Pankration was born in Greece, and its origins are lost in time. There are traces of Pankratium in manuscripts found that go back to 4000BC. The name Pankration derives from the Greek words Pan, that means “All”, and Kratos, that means “Strength”. Literally Pankration means ” All of the mights”!
It was introduced as a sporting event on the 33rd Olympic Games in 648 BC, but it was established in other sacred games and events long before the Olympic Games. It was strictly a “Men Only” event! Any woman found watching the games would be thrown of a cliff! According to historical courses, the creators of Pankration were 2 mythological heroes, Hercules and Theseus. In a competition there were no weight classes, they were called “The Heavy Games” exactly because there were no Weight Requirements. Athletes fought nude, with oiled bodies and bare hands, using sometimes wrappings around had and forearms. The sport had two main phases. During the first, called Ano Pankration (Upper Pankration), contestants had to fight upright. As the main goal was to knock down the opponent, punches, kicks and all kind of lethal blows were usually performed. The second phase, known as Kato Pankration (Lower Pankration) started with the first falling on the ground of some of the competitors. Here grappling, joint locking, and even strangulation were used as more effective methods of fighting on the floor.
According to Aristotle, Pankration was a mix of boxing and wrestling, athletes could use punching and elbows, kicks and knees, standing wrestling, throws, ground wrestling, joint locks and chokes. Biting and eye growing along with killing the opponent were not allowed. Pankratium was the most spectacular sport in the Olympic Games, and even so, it was abolished from the in 393AD. It was the beginning of the end for this amazing sport. Pankration remains the most complete combat discipline in the world, received from an old forgotten Era thru the Greeks, a discipline that has contributed to the birth of all Martial Arts.
The statue called “The Fighters”, shown at the Uffizi Museum in Florence, Italy, is clearly a recreation of two Pankration fighters, as it obviously shows with one of the fighters striking technique with a closed fist in a grappling scenario. These striking and grappling techniques are now used by today’s fighters, but the original ones were, no doubt of Greek origin, and to them goes the merits of inventing these ancient Fight sports and codifying all of its techniques. Pankration was also part of the army training of many Greek city-states. It was the core of the military instruction of the hoplites (the famous Greek infantry). The Spartans were particularly well-trained and excelled in that art. In their last stand at Thermophilae, they allegedly used Pankration skills as their final weapon. Once the 300 lost their armaments, they fought with bare hands, feet, and teeth, relying on their abilities to use unarmed fighting techniques.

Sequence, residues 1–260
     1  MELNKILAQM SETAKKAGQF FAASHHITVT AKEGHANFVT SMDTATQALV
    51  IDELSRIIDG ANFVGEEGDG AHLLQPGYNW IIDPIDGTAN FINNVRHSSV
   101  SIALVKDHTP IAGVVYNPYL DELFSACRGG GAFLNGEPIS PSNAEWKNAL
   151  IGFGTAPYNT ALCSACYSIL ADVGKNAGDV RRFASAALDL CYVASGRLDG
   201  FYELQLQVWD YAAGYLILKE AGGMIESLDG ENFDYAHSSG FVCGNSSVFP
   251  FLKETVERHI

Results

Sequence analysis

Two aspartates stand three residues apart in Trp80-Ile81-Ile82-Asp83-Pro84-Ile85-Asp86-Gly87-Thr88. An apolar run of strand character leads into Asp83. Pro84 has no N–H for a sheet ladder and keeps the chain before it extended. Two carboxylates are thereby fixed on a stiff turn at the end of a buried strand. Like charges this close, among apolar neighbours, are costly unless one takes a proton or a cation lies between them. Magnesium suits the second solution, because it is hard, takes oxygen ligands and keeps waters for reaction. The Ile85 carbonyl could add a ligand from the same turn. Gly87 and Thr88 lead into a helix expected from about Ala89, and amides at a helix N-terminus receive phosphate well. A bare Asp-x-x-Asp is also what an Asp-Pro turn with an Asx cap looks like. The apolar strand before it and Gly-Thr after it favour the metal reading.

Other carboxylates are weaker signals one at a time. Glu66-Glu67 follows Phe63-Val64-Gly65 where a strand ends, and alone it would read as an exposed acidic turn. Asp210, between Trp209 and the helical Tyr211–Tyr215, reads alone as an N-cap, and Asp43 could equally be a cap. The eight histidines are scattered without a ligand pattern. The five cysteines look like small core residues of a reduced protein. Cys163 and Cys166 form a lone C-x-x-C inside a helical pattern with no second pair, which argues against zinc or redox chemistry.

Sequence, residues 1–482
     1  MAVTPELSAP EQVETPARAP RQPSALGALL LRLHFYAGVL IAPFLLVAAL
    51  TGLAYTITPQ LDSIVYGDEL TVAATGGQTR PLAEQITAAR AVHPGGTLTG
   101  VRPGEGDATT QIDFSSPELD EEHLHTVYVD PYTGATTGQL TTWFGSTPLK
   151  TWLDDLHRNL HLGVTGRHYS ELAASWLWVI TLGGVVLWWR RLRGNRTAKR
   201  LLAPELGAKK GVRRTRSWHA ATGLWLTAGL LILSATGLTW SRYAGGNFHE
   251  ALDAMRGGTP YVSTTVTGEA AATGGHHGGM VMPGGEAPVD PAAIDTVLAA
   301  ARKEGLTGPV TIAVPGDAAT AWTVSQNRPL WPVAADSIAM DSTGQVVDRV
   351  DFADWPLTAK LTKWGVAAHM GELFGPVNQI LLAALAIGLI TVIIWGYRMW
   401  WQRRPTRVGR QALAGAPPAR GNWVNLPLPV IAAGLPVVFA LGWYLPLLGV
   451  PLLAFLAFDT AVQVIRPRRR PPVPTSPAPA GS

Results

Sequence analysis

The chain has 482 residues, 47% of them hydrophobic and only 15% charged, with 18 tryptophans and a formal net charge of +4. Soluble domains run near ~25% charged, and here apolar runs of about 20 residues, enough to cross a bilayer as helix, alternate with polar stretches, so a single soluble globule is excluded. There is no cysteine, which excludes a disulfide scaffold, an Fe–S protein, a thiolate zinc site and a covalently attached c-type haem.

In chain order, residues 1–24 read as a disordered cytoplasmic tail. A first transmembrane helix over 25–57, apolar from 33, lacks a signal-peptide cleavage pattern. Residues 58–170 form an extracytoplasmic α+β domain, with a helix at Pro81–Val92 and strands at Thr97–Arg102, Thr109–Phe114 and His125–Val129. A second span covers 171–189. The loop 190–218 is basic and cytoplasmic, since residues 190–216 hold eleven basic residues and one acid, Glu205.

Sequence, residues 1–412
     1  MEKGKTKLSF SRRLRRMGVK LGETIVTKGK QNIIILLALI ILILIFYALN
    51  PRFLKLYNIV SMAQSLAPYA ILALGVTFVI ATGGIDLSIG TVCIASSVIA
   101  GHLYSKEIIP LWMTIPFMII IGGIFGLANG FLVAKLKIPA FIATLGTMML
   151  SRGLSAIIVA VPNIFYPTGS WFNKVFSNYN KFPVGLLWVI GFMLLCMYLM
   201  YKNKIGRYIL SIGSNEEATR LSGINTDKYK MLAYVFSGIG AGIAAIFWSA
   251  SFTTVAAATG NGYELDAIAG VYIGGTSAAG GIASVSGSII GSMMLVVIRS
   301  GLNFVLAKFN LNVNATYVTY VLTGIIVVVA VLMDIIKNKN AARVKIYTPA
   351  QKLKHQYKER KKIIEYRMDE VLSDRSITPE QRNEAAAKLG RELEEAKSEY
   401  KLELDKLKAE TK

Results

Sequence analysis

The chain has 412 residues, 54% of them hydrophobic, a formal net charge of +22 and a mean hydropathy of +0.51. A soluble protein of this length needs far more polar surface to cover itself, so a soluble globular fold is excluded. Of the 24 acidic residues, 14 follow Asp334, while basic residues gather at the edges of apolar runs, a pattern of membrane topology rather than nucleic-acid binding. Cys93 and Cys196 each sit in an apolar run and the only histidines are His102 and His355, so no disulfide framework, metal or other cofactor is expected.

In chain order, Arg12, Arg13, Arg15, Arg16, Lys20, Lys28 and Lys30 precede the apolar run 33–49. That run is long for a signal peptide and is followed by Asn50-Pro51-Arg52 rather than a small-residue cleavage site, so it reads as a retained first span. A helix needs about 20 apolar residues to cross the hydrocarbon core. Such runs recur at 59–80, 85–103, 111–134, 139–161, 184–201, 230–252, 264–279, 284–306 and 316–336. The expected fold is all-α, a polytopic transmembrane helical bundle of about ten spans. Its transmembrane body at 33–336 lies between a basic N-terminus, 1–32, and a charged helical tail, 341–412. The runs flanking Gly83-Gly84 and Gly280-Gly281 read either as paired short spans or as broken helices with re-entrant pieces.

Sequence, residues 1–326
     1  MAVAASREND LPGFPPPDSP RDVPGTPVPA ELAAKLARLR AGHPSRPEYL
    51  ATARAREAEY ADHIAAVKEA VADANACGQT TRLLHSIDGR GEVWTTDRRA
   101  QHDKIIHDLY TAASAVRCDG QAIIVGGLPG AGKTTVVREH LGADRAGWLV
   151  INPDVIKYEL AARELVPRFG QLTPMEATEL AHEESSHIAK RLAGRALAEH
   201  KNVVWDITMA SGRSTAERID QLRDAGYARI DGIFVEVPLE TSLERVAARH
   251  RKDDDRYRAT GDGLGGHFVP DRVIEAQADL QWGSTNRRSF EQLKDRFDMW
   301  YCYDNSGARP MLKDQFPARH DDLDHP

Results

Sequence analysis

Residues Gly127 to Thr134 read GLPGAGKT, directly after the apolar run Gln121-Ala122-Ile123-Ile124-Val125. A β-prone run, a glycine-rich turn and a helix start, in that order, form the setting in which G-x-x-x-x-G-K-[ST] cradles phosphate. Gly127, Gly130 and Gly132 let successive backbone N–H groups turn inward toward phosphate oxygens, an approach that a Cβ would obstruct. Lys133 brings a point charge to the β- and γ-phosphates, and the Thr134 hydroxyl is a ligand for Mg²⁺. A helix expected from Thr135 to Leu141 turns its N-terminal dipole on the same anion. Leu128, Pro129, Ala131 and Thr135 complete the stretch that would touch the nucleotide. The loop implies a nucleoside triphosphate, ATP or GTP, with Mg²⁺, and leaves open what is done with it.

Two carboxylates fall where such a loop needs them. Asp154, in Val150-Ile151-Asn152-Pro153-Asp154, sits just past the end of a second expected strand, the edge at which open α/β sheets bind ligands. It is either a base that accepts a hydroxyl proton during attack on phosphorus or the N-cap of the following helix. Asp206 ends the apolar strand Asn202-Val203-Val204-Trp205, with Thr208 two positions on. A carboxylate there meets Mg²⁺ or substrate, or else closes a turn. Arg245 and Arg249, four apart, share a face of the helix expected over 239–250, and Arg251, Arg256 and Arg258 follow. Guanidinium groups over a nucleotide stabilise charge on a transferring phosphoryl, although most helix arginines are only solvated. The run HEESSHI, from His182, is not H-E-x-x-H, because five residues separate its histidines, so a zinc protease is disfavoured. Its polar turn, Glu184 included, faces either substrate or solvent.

Alexander the Great also highly appreciated such military proficiency. He often sought to attract pankratiasts in his famous Macedonian Phalanxes as he regarded soldiers trained in Pankration as a valuable army asset. One Athenian Pankration champion from the Olympic Games in 336 BCE was quite popular among the Macedonian army where he was on a service. His name was Dioxippus, and the historian Curtius Rufus in his “Histories of Alexander the Great” informs us that one day he was challenged to a one-to-one combat. His adversary was one of Alexander’s best soldiers, known as Coragus. The Macedonian ruler appointed a match between them in one of his banquets organized in Persia. In the bout, Dioxippus showed up naked and armed only with a club. Coragus presented himself in full armor. After a short fight, the Athenian champion defeated his armed and skilled opponent using only Pankration techniques. He could have killed him if it had not been for Alexander’s intercession. Alexander the Great was known for his passion for combat sports, so he made Dioxippus an elite member of his close circle, which made many of his soldiers jealous.
History repeats itself and in Italy, the second home of the Pankration, the Romans eventually adopted pankration, which they called pancratium in Latin. But in 393 AD, this ancient martial art, along with gladiatorial combat and all pagan festivals, was abolished by the Christian Byzantine emperor Theodosius I. It remained tough in the branches of the Italian Army, Para-Troopers or Folgore Special Forces, trained till today in the foot spettacolare of the ancient Pankration fighters. If not for the Italians, pankration would gradually disappear over the centuries, until a Greek-American martial artist named Jim Arvanitis rediscovered it 1969. Arvanitis’ work went on to make it famous around the world by the mid-seventies. Today, this discipline has branched into Pankratium , and Pankratium Athlima. Pankratium would be a total combat that includes KO but excludes the prohibited hits, and Pankratium Athlima that seeks to prevail over the opponent with controlled strikes and without getting hurt.
Pankratium was born more than 4000BC, the sports of combat are more than a simple actual entertainment, it’s a part of the human being, playing war games, and seek to excel in them. The healthy competition, the discipline, determination, the train hard or go home, all of this come from a long time ago. It’s part of you and me and our ancestors. So is it fair to say that that if the “300” from king Leonida were an army of MMA fighters? Or that Alexander the Great was also a fan and supporter of MMA?
If that’s so, they are also Legion…. WE ARE LEGION